There are a lot of things to love about Gotham Academy – the fact that it feels like a completely obvious book to do in the Gotham mythos and yet feels completely fresh and different from most of DC’s books, the introduction of fascinating new (young) characters into an already rich world and with Gotham itself anchoring them together, the limited use of Batman in a powerful way that doesn’t overwhelm the story, there’s so much great stuff in here. But I gotta be real, it’s the jokes that made me fall in love so hard and so fast. Especially the jokes of one Mia “Maps” Mizoguchi, who quickly shot to the top of my favorite female characters list in 2014. There’s an effortless youth and now-ness to Maps that’s also rooted in hardcore geek and the classics that hits all my sweet spots and it’s why she (and her jokes) steal every issue. Whether she’s calling out “HARPY!” when an owl startles her to her unbridled enthusiasm for just about everything, I can’t get enough of Maps…and as a result, Gotham Academy. Here’s Maps being…Maps:

Maps seeing owls and instinctively yelling HARPY:

Maps seeing people inside the walls and instinctively wanting in:

Maps doing construction plus ghost hunting:

Maps…just being Maps!

AVENGERS ASSEMBLE by Kelly Sue DeConnick and Kelly Sue DeConnick PLUS Warren Ellis and artist Matteo Buffagni

Another win for the funny that is DeConnick! DeConnick’s Avengers Assemble run was really enjoyable for me, but it reached hilarious greatness heights when Warren Ellis joined up and the title shifted to focusing on Spider-Girl Anya Corazon teaming up with various Avengers for issues (21 – 25). There are a lot of great little humorous bits in here – the kind of things that make a team book just chemistry magic, but that also build character and advance plot at the same time. This arc with Anya at the center is great because it works as a story of a fledgling superhero getting trained in straight on the job training and it doubles as a “stranger in a strange land” tale of sorts in that Anya is a hero but she’s not an Avenger and so she gets to take this peek behind the curtain at how these people behave in private, what their relationships and dialogue looks like…and as I said it’s chemistry magic. Some favorite bits: Jessica threatening Anya over breakfast burritos, Iron Man stepping on people’s toes (literally) with his rocket boots, why Spider-Man isn’t dead, and Anya’s constantly shifting costume thanks to conflicting advice by Wolverine and Iron Man. But the moment that stuck me as so fun that I’ve never been able to forget it was the somehow totally natural and yet also weirdly bizarre temporary team up of Spider-Girl (Anya), Spider-Woman (Jess), and Black Widow (Natasha) – which is actually in the issue DeConnick did sans Ellis. There’s a joke in here about them being team Lady Spider (or Lady Spy-der!) and never have I wanted more to see a book come to fruition than seeing that team joked about on page. Here are some pages and highlights from the scenes I mentioned before. ALL FUN.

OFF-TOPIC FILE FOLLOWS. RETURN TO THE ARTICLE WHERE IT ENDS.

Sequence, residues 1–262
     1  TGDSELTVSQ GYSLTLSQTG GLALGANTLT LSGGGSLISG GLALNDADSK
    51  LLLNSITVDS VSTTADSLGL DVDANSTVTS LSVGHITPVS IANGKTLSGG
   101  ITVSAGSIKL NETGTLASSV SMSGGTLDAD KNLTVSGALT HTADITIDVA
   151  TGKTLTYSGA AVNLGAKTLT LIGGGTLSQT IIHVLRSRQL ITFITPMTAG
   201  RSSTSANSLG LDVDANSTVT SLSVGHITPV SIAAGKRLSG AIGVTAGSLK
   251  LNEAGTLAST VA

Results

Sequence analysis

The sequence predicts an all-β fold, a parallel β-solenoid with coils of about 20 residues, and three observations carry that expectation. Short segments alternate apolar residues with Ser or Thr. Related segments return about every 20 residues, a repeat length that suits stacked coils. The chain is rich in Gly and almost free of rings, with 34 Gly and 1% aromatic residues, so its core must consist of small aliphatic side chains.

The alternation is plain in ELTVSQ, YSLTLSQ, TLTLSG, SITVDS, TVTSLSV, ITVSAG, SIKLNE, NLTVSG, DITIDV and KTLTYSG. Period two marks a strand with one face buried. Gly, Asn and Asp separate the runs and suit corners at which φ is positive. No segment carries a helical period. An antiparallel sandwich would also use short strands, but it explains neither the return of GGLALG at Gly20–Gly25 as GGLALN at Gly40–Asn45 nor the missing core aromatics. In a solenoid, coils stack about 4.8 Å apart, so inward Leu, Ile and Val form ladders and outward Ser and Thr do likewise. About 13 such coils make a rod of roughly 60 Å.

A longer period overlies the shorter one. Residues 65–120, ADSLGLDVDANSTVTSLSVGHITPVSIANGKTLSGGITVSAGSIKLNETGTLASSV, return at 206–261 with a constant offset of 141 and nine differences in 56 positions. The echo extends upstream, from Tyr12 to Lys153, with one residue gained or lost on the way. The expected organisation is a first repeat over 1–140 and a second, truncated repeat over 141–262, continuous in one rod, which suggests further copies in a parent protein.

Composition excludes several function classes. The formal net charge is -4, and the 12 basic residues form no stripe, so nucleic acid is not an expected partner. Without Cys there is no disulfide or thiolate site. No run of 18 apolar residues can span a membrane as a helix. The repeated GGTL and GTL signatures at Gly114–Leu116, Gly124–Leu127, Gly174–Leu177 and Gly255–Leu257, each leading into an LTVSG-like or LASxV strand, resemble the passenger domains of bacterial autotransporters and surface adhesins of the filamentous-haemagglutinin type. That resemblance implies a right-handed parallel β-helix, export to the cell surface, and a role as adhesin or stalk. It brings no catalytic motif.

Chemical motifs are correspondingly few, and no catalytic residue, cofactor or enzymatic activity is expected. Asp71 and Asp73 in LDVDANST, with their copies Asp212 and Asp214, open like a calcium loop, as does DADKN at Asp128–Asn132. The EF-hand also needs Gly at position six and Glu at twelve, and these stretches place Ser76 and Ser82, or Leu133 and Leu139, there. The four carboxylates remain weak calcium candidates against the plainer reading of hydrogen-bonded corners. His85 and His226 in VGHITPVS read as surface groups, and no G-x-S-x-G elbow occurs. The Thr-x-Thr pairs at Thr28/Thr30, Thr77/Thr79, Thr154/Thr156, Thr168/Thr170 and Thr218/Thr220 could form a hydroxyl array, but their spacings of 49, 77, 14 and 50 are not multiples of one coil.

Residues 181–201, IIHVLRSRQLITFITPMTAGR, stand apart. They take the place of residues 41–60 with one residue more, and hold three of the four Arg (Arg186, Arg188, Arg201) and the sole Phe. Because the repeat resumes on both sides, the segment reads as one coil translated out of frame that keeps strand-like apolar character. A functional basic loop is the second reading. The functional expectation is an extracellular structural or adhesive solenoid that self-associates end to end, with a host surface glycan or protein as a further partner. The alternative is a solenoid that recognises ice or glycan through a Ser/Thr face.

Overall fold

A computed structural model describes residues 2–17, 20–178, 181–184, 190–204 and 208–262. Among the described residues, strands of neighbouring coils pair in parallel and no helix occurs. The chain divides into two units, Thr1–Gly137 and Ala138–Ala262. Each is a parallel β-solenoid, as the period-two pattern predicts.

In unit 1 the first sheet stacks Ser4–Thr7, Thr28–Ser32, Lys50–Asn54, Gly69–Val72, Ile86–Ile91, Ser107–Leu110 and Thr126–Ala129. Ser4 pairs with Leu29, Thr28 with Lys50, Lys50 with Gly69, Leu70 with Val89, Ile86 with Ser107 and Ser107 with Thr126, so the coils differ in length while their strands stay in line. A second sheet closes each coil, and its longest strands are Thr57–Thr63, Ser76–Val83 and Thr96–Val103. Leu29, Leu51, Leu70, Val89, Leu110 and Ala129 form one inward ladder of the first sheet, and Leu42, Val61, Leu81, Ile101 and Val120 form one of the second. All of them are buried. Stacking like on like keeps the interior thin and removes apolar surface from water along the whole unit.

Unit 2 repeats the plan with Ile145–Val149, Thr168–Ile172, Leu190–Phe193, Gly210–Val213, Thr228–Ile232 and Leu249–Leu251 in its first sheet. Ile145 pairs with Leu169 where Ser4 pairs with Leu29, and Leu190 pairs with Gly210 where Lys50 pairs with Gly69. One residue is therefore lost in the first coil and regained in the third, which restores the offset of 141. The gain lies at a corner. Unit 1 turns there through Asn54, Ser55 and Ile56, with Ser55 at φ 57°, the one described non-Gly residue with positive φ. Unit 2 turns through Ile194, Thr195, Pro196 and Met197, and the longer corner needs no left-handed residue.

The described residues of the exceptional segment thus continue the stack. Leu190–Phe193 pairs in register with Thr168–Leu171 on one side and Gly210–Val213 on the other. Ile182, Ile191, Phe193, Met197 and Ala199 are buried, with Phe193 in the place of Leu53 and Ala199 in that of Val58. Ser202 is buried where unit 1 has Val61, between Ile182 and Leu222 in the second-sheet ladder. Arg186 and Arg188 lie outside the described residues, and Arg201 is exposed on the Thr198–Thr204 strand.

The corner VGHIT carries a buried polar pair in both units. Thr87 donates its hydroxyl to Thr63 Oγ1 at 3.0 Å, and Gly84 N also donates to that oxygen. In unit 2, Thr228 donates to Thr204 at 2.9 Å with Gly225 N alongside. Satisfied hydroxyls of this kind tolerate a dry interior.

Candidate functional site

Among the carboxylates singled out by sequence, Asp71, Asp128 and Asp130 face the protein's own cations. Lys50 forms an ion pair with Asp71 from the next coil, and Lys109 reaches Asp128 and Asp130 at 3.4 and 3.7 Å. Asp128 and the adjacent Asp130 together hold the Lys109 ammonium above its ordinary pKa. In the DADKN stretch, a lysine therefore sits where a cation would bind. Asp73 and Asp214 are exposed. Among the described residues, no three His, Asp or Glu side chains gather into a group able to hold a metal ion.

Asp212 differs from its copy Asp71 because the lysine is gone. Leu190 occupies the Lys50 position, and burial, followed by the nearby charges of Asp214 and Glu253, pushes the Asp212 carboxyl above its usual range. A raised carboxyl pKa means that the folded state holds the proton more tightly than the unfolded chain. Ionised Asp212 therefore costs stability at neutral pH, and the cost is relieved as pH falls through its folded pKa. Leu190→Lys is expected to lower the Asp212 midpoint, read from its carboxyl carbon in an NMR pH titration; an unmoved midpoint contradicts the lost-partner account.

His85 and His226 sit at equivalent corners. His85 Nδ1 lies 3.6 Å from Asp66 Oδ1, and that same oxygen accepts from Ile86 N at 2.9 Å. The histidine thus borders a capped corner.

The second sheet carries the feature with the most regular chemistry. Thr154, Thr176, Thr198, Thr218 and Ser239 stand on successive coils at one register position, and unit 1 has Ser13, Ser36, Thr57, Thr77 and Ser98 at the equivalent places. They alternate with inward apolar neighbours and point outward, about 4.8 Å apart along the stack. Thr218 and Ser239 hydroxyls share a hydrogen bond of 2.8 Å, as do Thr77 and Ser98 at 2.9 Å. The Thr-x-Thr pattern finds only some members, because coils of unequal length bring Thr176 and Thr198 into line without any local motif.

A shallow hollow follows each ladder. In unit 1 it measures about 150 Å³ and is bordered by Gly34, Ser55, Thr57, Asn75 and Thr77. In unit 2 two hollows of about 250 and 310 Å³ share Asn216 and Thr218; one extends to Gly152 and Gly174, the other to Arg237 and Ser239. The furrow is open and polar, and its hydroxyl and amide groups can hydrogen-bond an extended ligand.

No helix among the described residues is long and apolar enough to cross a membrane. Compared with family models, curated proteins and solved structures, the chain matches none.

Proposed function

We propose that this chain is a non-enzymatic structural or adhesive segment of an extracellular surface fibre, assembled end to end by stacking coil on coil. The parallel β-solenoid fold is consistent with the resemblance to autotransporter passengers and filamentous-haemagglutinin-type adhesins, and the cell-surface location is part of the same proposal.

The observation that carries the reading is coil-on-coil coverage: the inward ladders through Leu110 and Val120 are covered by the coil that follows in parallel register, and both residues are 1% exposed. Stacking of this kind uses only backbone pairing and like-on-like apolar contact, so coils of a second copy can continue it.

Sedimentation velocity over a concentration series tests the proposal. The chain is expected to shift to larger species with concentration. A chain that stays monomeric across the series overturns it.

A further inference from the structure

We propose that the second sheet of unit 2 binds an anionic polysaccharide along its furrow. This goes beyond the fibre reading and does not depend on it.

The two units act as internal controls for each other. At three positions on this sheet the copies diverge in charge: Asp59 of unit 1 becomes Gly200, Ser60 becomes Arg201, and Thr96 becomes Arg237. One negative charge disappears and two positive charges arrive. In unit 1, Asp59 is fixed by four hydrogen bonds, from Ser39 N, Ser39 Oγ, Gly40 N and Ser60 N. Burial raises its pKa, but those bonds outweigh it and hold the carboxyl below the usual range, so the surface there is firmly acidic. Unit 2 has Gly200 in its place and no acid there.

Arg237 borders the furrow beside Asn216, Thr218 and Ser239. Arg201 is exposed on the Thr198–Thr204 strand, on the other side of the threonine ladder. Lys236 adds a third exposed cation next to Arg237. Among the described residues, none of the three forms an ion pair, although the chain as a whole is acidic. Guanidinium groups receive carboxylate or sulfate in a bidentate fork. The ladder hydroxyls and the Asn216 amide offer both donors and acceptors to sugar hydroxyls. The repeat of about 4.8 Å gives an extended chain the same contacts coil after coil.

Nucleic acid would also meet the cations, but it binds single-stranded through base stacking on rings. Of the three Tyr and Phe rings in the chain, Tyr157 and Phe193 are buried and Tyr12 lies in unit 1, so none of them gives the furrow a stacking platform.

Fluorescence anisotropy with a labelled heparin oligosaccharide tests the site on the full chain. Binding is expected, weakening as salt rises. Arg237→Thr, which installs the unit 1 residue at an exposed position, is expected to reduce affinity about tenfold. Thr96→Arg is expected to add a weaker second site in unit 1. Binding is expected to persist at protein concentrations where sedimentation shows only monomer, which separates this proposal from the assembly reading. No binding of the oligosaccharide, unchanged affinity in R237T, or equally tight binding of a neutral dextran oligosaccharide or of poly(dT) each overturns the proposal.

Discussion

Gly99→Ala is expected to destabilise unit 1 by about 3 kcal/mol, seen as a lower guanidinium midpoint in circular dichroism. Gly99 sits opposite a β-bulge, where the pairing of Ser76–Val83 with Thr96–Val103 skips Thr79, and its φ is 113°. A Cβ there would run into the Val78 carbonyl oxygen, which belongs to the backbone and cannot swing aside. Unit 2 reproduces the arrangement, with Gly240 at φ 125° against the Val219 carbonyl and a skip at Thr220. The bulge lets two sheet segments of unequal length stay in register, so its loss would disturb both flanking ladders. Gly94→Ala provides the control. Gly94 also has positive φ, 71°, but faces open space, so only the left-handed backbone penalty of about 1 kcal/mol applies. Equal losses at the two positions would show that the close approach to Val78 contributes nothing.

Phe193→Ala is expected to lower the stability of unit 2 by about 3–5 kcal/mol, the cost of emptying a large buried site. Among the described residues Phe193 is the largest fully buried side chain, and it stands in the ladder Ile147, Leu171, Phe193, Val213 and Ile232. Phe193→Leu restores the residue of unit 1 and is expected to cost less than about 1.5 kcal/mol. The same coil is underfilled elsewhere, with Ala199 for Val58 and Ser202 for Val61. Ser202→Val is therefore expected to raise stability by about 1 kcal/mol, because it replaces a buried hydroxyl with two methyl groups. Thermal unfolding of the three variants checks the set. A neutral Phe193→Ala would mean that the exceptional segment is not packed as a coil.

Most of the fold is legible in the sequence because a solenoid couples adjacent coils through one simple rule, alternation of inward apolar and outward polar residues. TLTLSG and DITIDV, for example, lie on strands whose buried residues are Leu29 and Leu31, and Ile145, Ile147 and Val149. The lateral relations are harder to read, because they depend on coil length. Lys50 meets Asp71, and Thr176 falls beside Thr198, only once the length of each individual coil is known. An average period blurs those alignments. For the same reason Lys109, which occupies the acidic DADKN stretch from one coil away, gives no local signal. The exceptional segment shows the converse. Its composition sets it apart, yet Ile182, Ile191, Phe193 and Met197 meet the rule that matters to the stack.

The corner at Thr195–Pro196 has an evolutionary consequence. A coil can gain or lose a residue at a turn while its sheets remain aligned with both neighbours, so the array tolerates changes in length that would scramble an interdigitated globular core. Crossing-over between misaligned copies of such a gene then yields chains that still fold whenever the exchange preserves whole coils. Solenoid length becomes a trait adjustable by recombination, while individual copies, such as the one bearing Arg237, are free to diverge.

Wolverine tells Anya why she should “upgrade” her costume:

Tony tells Anya why Wolverine’s costume additions were all wrong:

Tony has MANY FEELINGS about Filing Systems:

Team Lady Spider…or Lady Spy-der is born (almost):

Obviously this is just the tip of the iceberg, both of what these books/arcs/characters have to offer and also in the books I sampled. So many more would easily qualify: Hawkeye, Saga, Young Avengers, Lumberjanes, Adventure Time, Steven Universe, Spider-Woman, Sex Criminals, Silk, the sadly canceled She-Hulk, Howard The Duck, Rat Queens, Ms. Marvel, most Brian Michael Bendis books…the list is long!

What about you? Does humor guide comics buying for you? If so, what are the things you love for their sense of humor?


Kelly Thompson is the author of the novels THE GIRL WHO WOULD BE KING and STORYKILLER. She’s also the writer of IDW’s JEM & THE HOLOGRAMS the Dark Horse Graphic Novel HEART IN A BOX and co-writer of Marvel’s CAPTAIN MARVEL & THE CAROL CORPS. You can find Kelly all over the place, but twitter is easiest: @79semifinalist